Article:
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Reviewed by:
  • Introduction to Classical Chinese Philosophy by Bryan W. Van Norden
  • Ian M. Sullivan
Introduction to Classical Chinese Philosophy. By Bryan W. Van Norden . Indianapolis, IN : Hackett Publishing Company , 2011 . Pp. 271 . ISBN 978-1-603-84468-0 .

In his latest book, Introduction to Classical Chinese Philosophy, Bryan Van Norden provides an introductory survey of classical Chinese philosophy. Van Norden’s approach is to introduce classical Chinese thought in terms of contemporary philosophy with the hope that in coming to the material in this way readers will be encouraged to pursue not only Chinese philosophy but also contemporary Western philosophy.

In the introduction, Van Norden begins with a brief overview of the classical period — beginning with the mythology of the sages and concluding with the historical rise and fall of the Qin dynasty (221–207 b.c.e.) — and gives an account of the Eastern Zhou dynasty (770–221 b.c.e.) in particular, as it was the heyday of classical Chinese philosophy.

Following the general introduction, Van Norden proceeds through the various major thinkers and schools of thought. He begins in chapter 2 with a brief thematic overview of Confucian philosophy before interpreting Kongzi’s (Confucius’) ethics as a form of virtue ethics in chapter 3. Mozi and Mohist consequentialism are the topic of chapter 4. Chapter 5 introduces the work of Yang Zhu. In arguing that Yang Zhu was an ethical egoist, Van Norden draws the distinction between psychological and ethical egoism for the reader. He expands on the virtue-ethical dimensions of Confucianism in chapter 6, where he introduces Mengzi (Mencius) and the central features of the Mengzian conception of human nature. Chapter 7 discusses the ragtag group of dialecticians and sophists known as the “School of Names.” In particular, it introduces Deng Xi, Hui Shi, Gongsun Long, and the Later Mohists. The Daodejing is the central focus of chapter 8, in which Van Norden draws comparisons between the tenets of this early text and those of mysticism. The central point of chapter 9 is that Daoist skepticism and relativism in the Zhuangzi serve therapeutic rather than doctrinal ends. Xunzi’s form of Confucianism, his rejection of cosmic teleology, and his naturalist leanings make up the tenth chapter. Chapter 11 introduces Han Feizi and the Legalist critique of Confucianism. Chapter 12, the last proper chapter of the book, examines the various developments of Chinese philosophy from the Han dynasty (202 b.c.e.–220 c.e.) through to the present day.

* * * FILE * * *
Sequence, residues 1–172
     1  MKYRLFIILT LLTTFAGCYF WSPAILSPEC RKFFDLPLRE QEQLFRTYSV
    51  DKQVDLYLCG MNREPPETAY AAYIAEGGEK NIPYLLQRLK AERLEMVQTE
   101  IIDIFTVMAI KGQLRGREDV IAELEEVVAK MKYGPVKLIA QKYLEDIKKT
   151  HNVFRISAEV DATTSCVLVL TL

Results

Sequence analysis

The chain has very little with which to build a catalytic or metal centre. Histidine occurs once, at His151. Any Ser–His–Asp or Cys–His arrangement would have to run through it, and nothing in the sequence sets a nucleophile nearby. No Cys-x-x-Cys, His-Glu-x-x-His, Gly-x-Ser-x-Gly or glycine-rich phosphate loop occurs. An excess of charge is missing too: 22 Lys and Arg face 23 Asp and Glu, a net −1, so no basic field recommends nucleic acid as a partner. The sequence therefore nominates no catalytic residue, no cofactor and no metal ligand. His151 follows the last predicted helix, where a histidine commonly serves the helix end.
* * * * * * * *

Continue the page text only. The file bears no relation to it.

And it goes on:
In addition to this survey of early Chinese philosophy, Van Norden provides three helpful appendices. Appendix A discusses hermeneutics and the proper way to read a philosophical text, especially a philosophical text from another culture and time period. Appendix B is an introduction to the Chinese language, a dimension of Chinese philosophy that is rightly emphasized by almost all Western commentators. Appendix C provides a brief introduction to three alternative interpretations of Kongzi and their frameworks for interpreting classical Confucianism as a whole. [End Page 1115] They are exemplified by the works of P. J. Ivanhoe, Hui-chieh Loy, and Roger T. Ames, respectively.

Introduction to Classical Chinese Philosophy succeeds in what it sets out to do, namely to introduce the Western reader to the world of classical Chinese philosophy by way of a thorough survey of major thinkers and intellectual trends. [End Page 1116]

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Additional Information

ISSN
1529-1898
Print ISSN
0031-8221
Pages
pp. 1115-1116
Launched on MUSE
2014-11-05
Open Access
No
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